13 signs you are a nomad

Beach Bike

Most of us enjoy taking holidays away from home, but very few are comfortable at being continuously or often on the move. This is a particular lifestyle which involves certain sacrifices but begets extraordinary rewards. Here are the signs that you are a born traveller:

1. You love airports. You love going to the airport, train station or even the bus terminal for any reason. Maybe you are going somewhere or just dropping off your mom or brother. Periodically, you will simply spend an afternoon soaking in the hustle and bustle of travelers rushing to their respective gates, all in the hopes that it was you who was leaving.

2. You like being on the move. When going about your life, arriving kind a sucks. What you crave is the movement; you enjoy the movement of the bus, subway train or car as it travels through the streets of your city. But arriving a your destination gives a tiny sense of sadness.

3. You have few possessions. Real travelers don’t accumulate things. Instead, they focus on objects which further their careers or expends their inner selfs. You find yourself borrowing things often. You don’t see this as being cheap, but rather as frugal. Things are meant to be used, and should be so by as many people possible. For example; if they want to read a certain book, you will get it at the library, borrow it from a friend or get a kindle version. Hardcore travelers are the opposite of hoarders.

4. Your different. A life where you have a steady job, house in the burbs and a car or 2 in the garage is strange behavior to you.

5. Your jobs are short. You have or always seek short time or temporary work. Most likely, you are your own boss and work as a freelancer or contractor. Even computer engineers, technicians and health care providers can work on an independent basis today. One of my friends is a computer geek who takes on 3 to 6 month very well paid work during which he lives like a monk. He then travels for up to a year after wards. Many travelers make excellent businessmen or women as the two require similar traits of character.

6. You love culture. You are always reading and viewing documentaries about far away tribes or recently discovered archeological sites. You’re fascinated with different cultural practices which make up the human experience such as clothing and food.

7. You love languages. You’re planning or are currently learning a new language.

8. Your home is with you at all time. You know deep down that home is not a place but a feeling. It is where ever you are at this moment.

9. You prefer quality over quantity. All your purchases focus on quality. In your mind, going places means being light; this means that that jacket or sleeping bag must go a long way because you have only one.

10. You’re accepting of others and are easy going. Traveling means experiencing different people and cultures then your own. This also means that human behaviour and daily practices will differ from yours. For most short time vacationers, this is relatively easy and even fun. But a lifetime of experience something different is challenging. Not everyone can handle this for 2 or 3 years or even just 3 months.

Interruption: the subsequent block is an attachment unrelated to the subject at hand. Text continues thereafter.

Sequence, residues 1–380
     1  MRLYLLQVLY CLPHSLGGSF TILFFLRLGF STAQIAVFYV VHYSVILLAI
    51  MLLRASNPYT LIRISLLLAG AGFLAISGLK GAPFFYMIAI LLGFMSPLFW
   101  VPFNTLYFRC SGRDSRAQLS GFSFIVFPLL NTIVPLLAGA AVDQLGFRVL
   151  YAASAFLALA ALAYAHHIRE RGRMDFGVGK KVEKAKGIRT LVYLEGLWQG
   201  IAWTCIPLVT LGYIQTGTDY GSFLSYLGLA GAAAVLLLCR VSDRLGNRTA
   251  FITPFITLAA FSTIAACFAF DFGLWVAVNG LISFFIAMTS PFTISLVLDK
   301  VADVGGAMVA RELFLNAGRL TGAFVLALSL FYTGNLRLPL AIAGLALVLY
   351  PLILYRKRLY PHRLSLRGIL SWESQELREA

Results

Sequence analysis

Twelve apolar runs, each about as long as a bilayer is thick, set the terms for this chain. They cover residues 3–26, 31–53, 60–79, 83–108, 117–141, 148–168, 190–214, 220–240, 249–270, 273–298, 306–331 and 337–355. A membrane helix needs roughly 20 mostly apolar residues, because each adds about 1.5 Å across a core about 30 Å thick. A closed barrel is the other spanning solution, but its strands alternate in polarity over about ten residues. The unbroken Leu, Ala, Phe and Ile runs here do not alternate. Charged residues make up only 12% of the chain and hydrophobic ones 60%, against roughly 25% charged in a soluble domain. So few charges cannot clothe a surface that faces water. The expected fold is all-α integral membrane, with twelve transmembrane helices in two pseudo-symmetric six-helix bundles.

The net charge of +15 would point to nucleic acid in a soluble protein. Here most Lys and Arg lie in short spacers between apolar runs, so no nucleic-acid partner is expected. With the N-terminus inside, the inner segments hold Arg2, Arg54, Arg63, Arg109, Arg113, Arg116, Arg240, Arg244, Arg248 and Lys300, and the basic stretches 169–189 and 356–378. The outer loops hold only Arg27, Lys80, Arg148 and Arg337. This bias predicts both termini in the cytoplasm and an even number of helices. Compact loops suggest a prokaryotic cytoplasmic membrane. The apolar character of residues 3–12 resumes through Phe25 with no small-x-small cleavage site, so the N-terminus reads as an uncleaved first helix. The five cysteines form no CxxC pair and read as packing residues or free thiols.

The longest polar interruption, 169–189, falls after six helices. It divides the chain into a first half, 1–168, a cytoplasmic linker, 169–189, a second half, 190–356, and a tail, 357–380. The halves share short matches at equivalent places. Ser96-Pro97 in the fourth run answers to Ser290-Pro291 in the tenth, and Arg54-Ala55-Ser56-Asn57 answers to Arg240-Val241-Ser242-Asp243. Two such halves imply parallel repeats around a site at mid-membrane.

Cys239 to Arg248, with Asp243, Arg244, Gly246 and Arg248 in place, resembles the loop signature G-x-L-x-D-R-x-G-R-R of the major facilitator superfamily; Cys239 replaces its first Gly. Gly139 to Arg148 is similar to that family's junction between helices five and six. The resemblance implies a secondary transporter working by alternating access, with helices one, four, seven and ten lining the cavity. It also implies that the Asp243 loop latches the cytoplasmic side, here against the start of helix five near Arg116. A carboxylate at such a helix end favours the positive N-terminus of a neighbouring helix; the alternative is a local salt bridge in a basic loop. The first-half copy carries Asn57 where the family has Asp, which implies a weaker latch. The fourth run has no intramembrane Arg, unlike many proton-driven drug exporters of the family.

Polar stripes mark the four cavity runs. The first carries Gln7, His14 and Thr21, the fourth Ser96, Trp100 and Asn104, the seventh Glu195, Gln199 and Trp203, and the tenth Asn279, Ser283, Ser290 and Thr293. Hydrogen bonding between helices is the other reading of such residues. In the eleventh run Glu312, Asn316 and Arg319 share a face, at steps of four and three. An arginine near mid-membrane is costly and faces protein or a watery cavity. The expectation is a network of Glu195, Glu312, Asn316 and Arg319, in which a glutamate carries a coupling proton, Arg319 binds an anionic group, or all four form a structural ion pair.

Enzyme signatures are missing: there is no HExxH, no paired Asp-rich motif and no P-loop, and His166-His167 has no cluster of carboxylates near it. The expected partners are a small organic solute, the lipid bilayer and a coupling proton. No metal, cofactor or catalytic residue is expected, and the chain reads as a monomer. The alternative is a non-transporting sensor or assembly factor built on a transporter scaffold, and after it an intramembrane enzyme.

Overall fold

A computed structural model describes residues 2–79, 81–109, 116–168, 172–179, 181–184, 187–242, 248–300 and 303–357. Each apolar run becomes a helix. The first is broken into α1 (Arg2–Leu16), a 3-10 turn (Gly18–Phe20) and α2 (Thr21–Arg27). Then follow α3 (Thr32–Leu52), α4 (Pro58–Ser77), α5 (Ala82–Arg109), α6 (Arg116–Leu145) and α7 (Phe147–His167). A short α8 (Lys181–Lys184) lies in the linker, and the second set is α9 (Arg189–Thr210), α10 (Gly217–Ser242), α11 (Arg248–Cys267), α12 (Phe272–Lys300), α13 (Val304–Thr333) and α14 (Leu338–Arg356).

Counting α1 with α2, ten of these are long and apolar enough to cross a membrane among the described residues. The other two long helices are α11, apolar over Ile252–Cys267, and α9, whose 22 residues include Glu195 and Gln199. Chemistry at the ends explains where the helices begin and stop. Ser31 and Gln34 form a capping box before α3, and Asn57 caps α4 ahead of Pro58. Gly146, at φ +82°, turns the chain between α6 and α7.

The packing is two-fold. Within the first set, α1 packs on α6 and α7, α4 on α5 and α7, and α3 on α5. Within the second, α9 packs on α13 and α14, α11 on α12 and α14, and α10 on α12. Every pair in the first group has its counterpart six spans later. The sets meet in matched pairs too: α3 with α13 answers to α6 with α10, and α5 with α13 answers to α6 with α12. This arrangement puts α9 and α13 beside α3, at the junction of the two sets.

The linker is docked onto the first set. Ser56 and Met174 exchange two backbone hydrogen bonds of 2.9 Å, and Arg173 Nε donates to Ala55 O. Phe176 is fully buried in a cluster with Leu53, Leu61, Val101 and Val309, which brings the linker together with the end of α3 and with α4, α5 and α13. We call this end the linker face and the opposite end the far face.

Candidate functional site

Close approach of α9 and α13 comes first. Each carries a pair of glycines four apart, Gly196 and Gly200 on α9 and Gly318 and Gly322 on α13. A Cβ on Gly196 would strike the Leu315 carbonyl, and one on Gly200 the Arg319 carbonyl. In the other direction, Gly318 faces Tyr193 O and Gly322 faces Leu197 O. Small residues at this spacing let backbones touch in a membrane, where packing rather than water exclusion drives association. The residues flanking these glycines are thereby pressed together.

11. You’re adventurous. You like to try new things, meet new people and learn new things. You are looking for new things, different things to do.

12. You’re curious. You love to inquire and ask questions. You have a strong desire to know. What’s at the end of road, behind this wall or what does Kimchi tastes like; the discovery is pure pleasure.

13. You’re courageous. You might at times be afraid but you don’t let that stop you as you plunge onwards. Wether it is downhill skiing in the Rockies or the Alps, biking through traffic in New York, applying for a dream job or striking a conversation with that cute stranger, you’re doing it.

Advertisements

zen fish

I find koi carps to be magnificent animals. They possess this wonderful quality which creates peace and tranquility. They’re so completely Zen.

A few months ago, I traveled to Northern Thailand and stayed at this meditation camp for a week. Nestled somewhere between Chiang Mai and Mae Hong Song, the retreat was geared towards contemplation and the Dharma. A large man-made pond provided an environment for dozens of these fish. I had never seen such large and beautiful koi carps before.

I immediately proceeded to snap away but found the making of a good image -in this case- very challenging. The reflections on the surface of the water not only made it difficult to see the fish but also confused the autofocus. Thankfully, koi carps swim very slowly and often come up to the surface in order to feed.

The pond was protected with a combination of glass and opaque material which offered a light checkered pattern with the odd dark wavy “stream”. Manual focus set at a precise distance plus just the right exposure, I just waited for that ONE fish I needed, wanted, prayed for…. That large red, black and white one who kept teasing me… Finally, she gave in and swam at the perfect angle within that dark wave, as if the Universe had conspired with me by providing all the perfect lines and reflections at that instant. Loved it!

bikegypsy